"You don't own the albums but you own the jacket?"
"The jacket wasn't entirely my idea. It's all really my niece's fault. Now, she was a fan. I mean a big fan. The "tear out your hair screaming and crying at concerts" kind. She also wasn't the kind of niece you only see Christmas or Thanksgiving either, she lived a few streets from me, so I was at my brother's house all the time, and we were good pals. So this Michael stuff was around me a lot. And if you were in her room, I mean that literally. How does a twelve year old cover every inch of your wall with posters but not overlap anything?"
"With Scotch tape, obviously. Lot and lots of Scotch tape."
"And stucco. But yeah, there was no getting away from that guy. And she would have been so mad at me if I didn't like him. Plus resisting would have just ended up with me being irritated by her taste in music for the rest of my life."
"The rest of your life? Isn't that being a little dramatic? Really, he was only that popular for a decade."
Gary has a dry half-smirk upon his lips, "You, Miss Nehru, obviously underestimate depths of fandom." Then, in a tone just heavy enough to be grave he says "Even without that fact, it's not exaggerating. Remember: a fraction of that decade was the rest of my life."
"Oh. Right. Sorry about that."
"It's okay," he says (though I can tell from his frown that it's not okay at all). "But yeah, one day I decided to be lame and buy this jacket in the middle of all that. It was really more to make her happy to begin with, but then I ended up really liking the jacket all on its own. And the music too, sort of. Did you know that that this is the second most expensive thing I bought the years before I died?"
"I didn't. Out of curiosity, what was the first?"
"Dodge Mirada. The jacket was, I think, in the area of seven hundred dollars. But it's not some crap knockoff; this is high quality replica stuff. It's the closest thing you can come to getting the real jacket; that's why I bought it. I also figured it might be worth something someday."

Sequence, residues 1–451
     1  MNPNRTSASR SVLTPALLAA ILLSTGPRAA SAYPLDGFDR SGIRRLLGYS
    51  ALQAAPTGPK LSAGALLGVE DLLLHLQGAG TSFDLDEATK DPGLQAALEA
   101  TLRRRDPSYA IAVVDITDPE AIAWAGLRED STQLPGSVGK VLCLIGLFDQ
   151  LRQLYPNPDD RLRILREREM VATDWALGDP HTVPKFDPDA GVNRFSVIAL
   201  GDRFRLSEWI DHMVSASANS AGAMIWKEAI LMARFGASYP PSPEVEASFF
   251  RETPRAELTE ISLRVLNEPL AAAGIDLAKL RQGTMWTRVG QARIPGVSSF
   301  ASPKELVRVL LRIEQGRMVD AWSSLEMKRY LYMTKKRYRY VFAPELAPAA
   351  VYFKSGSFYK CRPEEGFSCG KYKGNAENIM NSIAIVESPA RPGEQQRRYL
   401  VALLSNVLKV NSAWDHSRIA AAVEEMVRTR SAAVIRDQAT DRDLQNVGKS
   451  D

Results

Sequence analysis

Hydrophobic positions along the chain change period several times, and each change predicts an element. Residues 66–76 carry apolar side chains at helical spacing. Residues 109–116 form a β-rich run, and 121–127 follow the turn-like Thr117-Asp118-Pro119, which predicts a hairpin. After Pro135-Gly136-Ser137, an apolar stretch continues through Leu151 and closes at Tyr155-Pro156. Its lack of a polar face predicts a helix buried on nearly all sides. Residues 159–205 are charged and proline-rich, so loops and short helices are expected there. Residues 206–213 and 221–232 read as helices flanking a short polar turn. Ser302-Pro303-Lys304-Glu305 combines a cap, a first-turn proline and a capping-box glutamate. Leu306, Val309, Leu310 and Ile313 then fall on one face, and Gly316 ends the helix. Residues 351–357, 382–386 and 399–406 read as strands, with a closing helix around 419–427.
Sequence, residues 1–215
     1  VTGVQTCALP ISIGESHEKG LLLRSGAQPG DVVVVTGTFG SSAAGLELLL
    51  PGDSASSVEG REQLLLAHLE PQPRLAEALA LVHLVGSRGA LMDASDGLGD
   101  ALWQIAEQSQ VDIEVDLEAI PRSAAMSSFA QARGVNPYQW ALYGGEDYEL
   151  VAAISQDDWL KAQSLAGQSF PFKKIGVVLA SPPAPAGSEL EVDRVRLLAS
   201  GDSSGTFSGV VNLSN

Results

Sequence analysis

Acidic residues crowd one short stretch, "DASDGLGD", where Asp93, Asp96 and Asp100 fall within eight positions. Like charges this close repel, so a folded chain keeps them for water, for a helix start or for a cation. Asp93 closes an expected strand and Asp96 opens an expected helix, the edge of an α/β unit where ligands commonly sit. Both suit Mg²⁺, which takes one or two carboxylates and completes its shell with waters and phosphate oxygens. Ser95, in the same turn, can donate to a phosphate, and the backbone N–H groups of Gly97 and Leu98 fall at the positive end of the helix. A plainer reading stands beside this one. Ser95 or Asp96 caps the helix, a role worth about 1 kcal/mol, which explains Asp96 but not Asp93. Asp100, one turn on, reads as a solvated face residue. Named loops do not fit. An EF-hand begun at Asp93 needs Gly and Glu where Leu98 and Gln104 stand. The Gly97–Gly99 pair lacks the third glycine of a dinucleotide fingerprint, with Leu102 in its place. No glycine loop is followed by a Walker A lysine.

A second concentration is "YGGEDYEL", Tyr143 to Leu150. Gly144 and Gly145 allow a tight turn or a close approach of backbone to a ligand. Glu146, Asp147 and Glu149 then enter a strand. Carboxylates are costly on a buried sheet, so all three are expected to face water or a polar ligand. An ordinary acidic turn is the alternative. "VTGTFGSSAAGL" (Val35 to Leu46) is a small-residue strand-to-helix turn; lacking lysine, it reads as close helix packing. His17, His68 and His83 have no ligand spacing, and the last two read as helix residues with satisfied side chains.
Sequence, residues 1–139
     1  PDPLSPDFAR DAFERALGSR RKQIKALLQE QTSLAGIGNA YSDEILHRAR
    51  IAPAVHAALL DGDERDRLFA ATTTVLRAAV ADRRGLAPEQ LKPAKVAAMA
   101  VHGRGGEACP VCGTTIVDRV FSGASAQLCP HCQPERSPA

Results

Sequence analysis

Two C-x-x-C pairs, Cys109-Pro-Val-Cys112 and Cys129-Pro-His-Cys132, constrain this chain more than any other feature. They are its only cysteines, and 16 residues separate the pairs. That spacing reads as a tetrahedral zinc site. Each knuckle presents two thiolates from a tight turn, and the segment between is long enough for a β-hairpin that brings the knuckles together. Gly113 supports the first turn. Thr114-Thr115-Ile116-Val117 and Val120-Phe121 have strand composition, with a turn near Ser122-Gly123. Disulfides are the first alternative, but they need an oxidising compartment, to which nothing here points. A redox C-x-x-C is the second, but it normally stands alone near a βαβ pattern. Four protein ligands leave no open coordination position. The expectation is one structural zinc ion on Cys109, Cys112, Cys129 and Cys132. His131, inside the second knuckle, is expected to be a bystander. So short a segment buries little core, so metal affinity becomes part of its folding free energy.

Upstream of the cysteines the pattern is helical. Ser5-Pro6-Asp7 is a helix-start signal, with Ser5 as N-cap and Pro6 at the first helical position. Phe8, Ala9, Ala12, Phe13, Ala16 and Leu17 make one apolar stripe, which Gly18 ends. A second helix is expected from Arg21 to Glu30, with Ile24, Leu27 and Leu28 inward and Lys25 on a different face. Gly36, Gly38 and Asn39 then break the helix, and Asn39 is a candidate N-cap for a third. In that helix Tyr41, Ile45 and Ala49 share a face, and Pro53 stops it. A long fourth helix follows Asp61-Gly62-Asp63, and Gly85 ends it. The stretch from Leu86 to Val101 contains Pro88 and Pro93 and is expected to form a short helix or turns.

"It sure is now. You could probably sell it for… sheesh, quadruple what you paid for it. I mean, my friend Arj sold his mostly-new copy of that Making of Thriller video, and he got a thousand dollars for it."
Gary smiles a bit "So I actually own something worth some bread. Nice. Shame about the circumstances."
"Well yeah, tragic celebrity death and all that jazz."
"No, that's not it. Okay, that's party it, but that's not what I meant. This whole thing creeps me out", said the undead vampire. "I haven't been in touch with anyone since 1990. I don't know if the niece knows; I'm sure she does. I hope she's not too hung up about it."
I wonder if Gary's niece was that one lady that let out doves at the trial.
"It's not that what bothers me. It's… well… I've never outlived someone before. I - well, not outlive, but you know. Not like I personally knew the guy or anything, or met him, but I still knew him. Sort of. In that popular osmosis sort of way, you know? But the really unsettling part is that he was my age… actually, no, younger. That makes it worse, especially when I notice how much he changed since I got the jacket and how much I didn't. It's just unsettling.
"But yeah, I thought it would be a nice thing to wear this jacket again. It reminds me of nice things, and it's always nicer to think about things someone did when they were alive, not how someone's dead. That what I think mourning really is. Or that's how I do it, anyway. And it just looks good on me."
I reached out theatrically "Why, Gary! I do believe it brings out the paleness of your cheeks and copper of your hair!" It actually more highlights the grey of his eyes, making them stand out more than they should, and it makes him look creepy on several levels. But of course, I don't tell him that. Instead, I tell him, "It's cool of the media to look at the early stuff in his career, and not all that weird stuff he did later."
"Oh yes, it really is. You know, sometimes even though the media is hard on someone, when they die, they can act really - wait. Wait, weird stuff? What weird stuff?"
Oh boy. "Well, you know…"
"Um… no, I don't."
Gary gives me a froggy, glass-eyed stare of incomprehension. "There were scandals?"
"…Actually, you know what, nevermind. It's nothing important. We should go to the dog park before they close the gates."